Shared Responsibility

The environment comes first. Without it, we would have no food to eat; we would have no materials to construct our homes with; we would have no medicine for the sick; we would have no resources to run our businesses with; we would have no spots for tourism; we would not even be able to breathe. We continue disregarding the environment and come ten to twenty years, we would be nothing.

Do your share if you really care.
Do your share if you really care.

All is not hopeless though. As a matter of fact, now more than ever, we are becoming aware of our role as caretakers of the environment. How to translate this consciousness into action is our biggest challenge.

At the moment, we have so many pressing concerns. Allow me, however, to provide you with a briefer on two of them – air and solid wastes, as far as the government’s policy and administration are concerned.

Air Quality Management

Our goal is to achieve and maintain clean air that meets the National Air Quality Guidelines for Criteria Pollutants, throughout the Philippines, while minimizing the possible associated impacts on our economy.

To date, motor vehicles remain the top source of air pollution in the country. In the National Capital Region alone, 80% of air pollution comes from mobile sources, with a far gap of 17% for area sources, and an even wider margin of 3% for stationary sources.

Given that air quality still exceeds the set annual ambient quality guideline values set under the Philippine Clean Air Act 1999 (Republic Act No. 8749), even after thirteen years of its enactment, the DENR, along with the Metro Manila Council [which consists of Department of Transportation and Communication (DOTC), the Land Transportation Office (LTO), the Metro Manila Development Authority (MMDA), and the Partnership for Clean Air (PCA)], with the local Chief Executives of Metro Manila, have deemed it necessary to lobby for the approval and the adoption of a unified anti-smoke belching program in area. This is to smoothen out conflicting ordinances for anti-smoke belching programs among the local government units.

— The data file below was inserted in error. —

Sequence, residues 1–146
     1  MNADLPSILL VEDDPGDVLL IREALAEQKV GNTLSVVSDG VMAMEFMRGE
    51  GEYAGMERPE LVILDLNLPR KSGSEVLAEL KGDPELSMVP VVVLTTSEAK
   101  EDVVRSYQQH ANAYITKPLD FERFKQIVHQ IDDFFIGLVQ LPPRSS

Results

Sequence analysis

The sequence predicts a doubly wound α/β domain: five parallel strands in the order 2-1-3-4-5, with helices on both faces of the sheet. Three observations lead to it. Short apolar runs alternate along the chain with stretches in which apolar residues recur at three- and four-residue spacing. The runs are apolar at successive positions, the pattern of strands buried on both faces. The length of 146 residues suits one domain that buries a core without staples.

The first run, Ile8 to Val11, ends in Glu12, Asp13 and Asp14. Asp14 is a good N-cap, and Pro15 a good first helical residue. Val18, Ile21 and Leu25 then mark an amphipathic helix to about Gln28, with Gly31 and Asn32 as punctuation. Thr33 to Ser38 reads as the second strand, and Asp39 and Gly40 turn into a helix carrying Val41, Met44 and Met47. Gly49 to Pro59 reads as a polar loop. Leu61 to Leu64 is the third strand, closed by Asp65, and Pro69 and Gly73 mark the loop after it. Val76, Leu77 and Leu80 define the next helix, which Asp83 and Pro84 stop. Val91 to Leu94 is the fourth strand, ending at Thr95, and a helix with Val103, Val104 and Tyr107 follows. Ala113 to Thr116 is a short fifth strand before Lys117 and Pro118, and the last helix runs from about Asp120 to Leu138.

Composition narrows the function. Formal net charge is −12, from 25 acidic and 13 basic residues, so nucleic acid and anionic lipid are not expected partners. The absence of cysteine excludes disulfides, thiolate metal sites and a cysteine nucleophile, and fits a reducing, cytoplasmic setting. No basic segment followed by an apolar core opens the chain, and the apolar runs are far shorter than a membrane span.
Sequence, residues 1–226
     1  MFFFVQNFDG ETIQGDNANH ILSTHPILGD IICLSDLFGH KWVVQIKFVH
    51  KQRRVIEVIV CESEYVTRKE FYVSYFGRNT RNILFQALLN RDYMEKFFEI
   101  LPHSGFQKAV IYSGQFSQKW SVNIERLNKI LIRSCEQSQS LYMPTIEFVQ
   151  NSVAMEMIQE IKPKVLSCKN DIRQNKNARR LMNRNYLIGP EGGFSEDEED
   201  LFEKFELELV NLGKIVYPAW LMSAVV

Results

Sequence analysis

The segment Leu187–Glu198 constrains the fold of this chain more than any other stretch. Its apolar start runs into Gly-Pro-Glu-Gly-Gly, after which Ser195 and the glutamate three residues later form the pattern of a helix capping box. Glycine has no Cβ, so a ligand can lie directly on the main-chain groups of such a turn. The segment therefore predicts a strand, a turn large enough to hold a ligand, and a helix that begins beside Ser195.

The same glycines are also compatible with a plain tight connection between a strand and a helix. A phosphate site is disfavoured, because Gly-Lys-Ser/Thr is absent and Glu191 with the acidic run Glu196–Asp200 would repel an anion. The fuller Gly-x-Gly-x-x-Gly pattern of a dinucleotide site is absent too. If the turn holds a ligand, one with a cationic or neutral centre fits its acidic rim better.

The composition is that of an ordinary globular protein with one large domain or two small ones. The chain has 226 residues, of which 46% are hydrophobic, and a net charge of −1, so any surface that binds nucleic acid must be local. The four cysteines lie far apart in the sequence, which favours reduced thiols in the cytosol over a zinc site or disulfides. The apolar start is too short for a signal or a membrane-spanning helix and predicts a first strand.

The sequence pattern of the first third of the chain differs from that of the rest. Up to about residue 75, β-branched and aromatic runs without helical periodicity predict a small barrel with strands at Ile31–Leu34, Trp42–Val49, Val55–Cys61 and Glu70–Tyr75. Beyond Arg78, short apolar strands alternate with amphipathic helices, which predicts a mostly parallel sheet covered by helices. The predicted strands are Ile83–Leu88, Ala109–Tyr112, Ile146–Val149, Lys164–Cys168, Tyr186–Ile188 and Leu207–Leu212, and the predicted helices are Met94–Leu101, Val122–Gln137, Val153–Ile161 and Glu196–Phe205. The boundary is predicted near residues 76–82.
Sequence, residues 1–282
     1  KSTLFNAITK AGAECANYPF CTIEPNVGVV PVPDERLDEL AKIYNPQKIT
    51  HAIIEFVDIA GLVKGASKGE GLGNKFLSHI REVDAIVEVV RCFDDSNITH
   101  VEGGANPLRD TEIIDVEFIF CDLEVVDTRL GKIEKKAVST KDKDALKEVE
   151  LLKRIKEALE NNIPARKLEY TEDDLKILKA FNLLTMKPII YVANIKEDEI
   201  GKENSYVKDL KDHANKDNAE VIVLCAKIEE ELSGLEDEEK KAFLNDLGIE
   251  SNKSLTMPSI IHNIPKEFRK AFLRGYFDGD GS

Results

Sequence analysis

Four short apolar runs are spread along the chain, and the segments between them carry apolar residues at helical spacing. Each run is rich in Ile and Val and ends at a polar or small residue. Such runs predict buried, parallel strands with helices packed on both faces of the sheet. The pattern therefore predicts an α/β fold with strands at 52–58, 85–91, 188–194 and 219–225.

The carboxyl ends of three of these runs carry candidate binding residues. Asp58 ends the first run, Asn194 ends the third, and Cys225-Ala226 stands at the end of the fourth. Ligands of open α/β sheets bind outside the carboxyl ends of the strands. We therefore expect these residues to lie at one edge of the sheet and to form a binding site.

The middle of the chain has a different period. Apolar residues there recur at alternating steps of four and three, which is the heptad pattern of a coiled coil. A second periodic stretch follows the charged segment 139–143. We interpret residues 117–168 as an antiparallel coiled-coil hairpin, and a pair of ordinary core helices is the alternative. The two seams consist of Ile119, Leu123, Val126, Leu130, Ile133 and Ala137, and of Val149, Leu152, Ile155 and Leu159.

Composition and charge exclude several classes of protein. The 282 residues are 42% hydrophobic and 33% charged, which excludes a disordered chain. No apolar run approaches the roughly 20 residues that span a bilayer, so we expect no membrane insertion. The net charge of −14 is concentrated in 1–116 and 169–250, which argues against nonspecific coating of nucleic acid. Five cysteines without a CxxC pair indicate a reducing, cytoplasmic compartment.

This is the country’s most recent policy move, with recommendations of a simultaneous intensification of the vehicle inspection and maintenance system in anti-smoke belching program to meet the overall objective in reduction of air pollution from mobile source, as well as the involvement of the private sector (which would include NGOs, academe, POs, and other environmental groups) for information campaign in the objective of anti-smoke belching program, process of apprehension including the duties and responsibilities of both the motorists and the apprehending officers.

This Unified Anti-Smoke Belching Program is intended to complement all the other efforts to reduce air pollution, including the improved fuel quality where the switch to unleaded gasoline has taken effect since 2000; and for automative diesel to maintain a 500ppm Sulfur Content (which is equivalent to Euro2 Standards). The country is targeting a 50ppm Sulfur Content (equivalent to Euro4) by January 1, 2016.

The use of alternative fuels is being promoted through the Biofuels Act (Republic Act 9367), pushing for biodiesels (2% blend in automative diesel [98% diesel + 2% bio-diesel]) and bio-ethanol. E-10 is now even available in gasoline stations nationwide [90% gasoline + 10% ethanol]. We now have taxis running on Liquefied Petroleum Gas (LPG) and buses on Compressed Natural Gas (CNG).